I return to 2,000 photos to sort through (this one above was taken in New Mexico), an enormously interesting memoir to review for the Chicago Tribune, a promised story to the Inquirer, and a novel, now half-written, that requires its second half.

A novel that has found its second half.

I must settle down and make room for it. I must remember, in other words, how to sit in one place and think, for I am accustomed to rumbling now.

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Reviewing Julia Fierro's The Gypsy Moth Summer in Chicago Tribune

My thoughts on Julia Fierro's new novel, in the Chicago Tribune. The full text is here.

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we will live, we will love, until the world takes that from us

Friday, June 16, 2017

Our friend Katherine got married near Asheville a few years ago, and to celebrate—to celebrate her, to celebrate our long drive south—I found this doll, this bird-loving doll, and I bought her.

She hangs on my office wall now, a reminder of a book I wrote and believed in, a reminder of a moment when I walked into a gallery and said (no doubt, no fear), "I'll buy her." What was I thinking? Why wasn't I weighing the pros and the cons of the expense, the implications for my bank account, the long term ... what? The long-term what?

The past few years haven't been the easiest here, if you're counting all the pennies. And this past week wasn't the easiest, either, if you're counting the hard stuff, the disappointments.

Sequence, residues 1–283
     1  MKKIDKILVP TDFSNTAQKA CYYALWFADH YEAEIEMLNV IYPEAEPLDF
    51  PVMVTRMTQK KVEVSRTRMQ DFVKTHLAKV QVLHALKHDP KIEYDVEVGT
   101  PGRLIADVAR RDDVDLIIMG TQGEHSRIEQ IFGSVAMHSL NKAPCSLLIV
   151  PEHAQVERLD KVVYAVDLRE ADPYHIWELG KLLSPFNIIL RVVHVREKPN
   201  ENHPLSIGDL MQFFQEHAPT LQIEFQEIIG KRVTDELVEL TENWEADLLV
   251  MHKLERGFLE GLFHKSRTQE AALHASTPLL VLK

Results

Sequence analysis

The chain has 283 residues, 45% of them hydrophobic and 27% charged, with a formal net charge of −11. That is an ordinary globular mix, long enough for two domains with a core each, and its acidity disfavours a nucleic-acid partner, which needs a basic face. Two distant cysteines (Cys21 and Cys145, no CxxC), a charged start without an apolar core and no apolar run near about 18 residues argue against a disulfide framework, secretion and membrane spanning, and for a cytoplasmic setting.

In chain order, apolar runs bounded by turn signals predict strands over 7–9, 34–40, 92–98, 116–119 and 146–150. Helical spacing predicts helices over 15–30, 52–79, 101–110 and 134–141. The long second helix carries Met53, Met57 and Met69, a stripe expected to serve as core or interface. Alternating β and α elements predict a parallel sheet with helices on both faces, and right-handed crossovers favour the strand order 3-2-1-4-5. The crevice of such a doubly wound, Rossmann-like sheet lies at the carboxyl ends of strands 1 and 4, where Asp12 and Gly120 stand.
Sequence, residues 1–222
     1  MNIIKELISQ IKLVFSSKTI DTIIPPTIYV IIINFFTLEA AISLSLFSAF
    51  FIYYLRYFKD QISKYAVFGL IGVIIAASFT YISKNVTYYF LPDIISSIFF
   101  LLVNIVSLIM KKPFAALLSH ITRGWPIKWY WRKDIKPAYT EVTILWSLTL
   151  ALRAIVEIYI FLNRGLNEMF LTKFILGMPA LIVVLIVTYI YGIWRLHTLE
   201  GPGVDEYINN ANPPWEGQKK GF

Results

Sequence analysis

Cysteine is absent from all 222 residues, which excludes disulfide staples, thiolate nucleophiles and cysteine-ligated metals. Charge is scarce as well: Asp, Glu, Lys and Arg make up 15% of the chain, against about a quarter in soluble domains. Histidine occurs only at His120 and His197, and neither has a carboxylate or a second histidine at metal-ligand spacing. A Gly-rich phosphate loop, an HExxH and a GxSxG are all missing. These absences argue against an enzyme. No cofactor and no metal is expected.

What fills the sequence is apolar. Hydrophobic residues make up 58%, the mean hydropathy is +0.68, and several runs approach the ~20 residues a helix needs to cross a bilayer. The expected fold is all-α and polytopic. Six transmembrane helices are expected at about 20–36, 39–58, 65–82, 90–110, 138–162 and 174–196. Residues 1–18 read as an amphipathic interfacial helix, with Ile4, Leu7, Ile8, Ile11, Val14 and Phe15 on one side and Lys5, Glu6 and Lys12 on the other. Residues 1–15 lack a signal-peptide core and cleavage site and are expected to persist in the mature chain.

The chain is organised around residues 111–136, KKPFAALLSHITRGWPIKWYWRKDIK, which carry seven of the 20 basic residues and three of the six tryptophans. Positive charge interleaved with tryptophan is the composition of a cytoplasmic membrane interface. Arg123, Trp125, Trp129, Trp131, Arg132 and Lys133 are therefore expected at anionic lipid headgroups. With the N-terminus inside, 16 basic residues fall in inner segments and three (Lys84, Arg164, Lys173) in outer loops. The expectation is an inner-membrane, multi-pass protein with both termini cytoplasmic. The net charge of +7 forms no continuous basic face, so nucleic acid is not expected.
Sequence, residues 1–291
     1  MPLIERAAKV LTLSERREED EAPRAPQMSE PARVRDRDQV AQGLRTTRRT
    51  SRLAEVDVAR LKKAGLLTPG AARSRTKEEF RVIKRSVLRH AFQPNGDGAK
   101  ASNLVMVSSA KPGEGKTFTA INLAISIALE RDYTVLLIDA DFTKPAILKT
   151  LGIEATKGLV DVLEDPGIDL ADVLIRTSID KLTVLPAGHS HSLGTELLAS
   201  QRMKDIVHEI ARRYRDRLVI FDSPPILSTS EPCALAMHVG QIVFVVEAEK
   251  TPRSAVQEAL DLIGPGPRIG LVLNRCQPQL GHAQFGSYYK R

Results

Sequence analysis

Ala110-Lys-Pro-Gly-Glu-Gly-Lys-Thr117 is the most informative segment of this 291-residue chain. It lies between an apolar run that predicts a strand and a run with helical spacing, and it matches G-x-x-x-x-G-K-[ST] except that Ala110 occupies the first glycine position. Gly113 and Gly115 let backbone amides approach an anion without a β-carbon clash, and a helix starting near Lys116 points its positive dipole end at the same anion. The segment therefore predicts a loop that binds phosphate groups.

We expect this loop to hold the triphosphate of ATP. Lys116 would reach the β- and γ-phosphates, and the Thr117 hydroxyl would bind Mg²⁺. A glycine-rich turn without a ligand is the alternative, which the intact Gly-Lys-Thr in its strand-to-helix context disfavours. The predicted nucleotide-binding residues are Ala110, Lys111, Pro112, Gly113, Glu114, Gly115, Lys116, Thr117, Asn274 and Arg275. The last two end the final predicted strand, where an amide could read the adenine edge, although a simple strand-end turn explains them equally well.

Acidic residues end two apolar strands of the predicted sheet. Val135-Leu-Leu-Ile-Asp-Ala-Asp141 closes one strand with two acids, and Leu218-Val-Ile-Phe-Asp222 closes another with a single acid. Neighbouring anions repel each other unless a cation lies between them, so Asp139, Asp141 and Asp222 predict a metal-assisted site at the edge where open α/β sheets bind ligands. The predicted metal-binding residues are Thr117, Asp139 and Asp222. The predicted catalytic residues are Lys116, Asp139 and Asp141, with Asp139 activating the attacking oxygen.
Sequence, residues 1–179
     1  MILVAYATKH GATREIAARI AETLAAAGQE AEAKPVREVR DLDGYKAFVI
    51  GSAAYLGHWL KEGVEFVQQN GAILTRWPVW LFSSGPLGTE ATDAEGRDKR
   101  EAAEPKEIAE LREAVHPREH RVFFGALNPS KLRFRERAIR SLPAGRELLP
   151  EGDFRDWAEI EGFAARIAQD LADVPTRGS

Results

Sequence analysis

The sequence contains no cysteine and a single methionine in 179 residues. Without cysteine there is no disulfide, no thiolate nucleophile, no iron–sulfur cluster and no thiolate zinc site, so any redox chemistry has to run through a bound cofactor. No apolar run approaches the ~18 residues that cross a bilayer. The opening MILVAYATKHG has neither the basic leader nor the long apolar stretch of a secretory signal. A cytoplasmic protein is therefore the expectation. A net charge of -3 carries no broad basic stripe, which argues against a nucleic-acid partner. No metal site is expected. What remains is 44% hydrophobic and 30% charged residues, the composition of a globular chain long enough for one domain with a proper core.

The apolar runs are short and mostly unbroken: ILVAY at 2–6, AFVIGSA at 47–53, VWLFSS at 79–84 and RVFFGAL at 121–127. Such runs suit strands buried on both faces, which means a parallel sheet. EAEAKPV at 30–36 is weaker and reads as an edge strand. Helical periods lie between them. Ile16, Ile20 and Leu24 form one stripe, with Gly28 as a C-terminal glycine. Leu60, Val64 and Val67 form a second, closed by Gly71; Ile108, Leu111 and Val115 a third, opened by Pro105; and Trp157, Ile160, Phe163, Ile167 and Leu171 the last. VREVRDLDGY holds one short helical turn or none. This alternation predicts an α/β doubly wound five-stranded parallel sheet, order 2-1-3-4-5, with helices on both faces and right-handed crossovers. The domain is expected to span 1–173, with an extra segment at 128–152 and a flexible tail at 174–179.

But then again, sometimes we do the math all wrong. Sometimes we get lost in the debit/credit and forget what really makes the difference.

Here's what makes the difference:

I'm passionately in love with my husband after all these years. We have a son who perseveres like there is no tomorrow—he's funny, he's forthright, he's a hell of a writer, he's creative, he's kind, he's surrounded by friends, he doesn't give up on this world; he won't let me give up on the world. We have friends we love from years ago, and friends whom we're still making, and we have people who remind us that things aren't as bleak as they seem; in fact, they say, we're just wearing the wrong glasses.

This week my father called and I burst into tears; all seemed so gray. This week I thought much was over, and then important things shifted. This week I went out to dinner with my husband, and I looked at him with all my crazy love for him, and I knew, I just knew, that this love of ours, after all our years, was sweeter than our love had ever been. This week my son did something crazy cool with his crazy cool. This week a woman named Karen wrote words that saved me. This week I talked to friends, cried out to friends, spoke defiantly to friends, learned from friends, embarrassed myself and was forgiven. This week became  Friday evening, 9:38, which is right this minute, when I am writing this.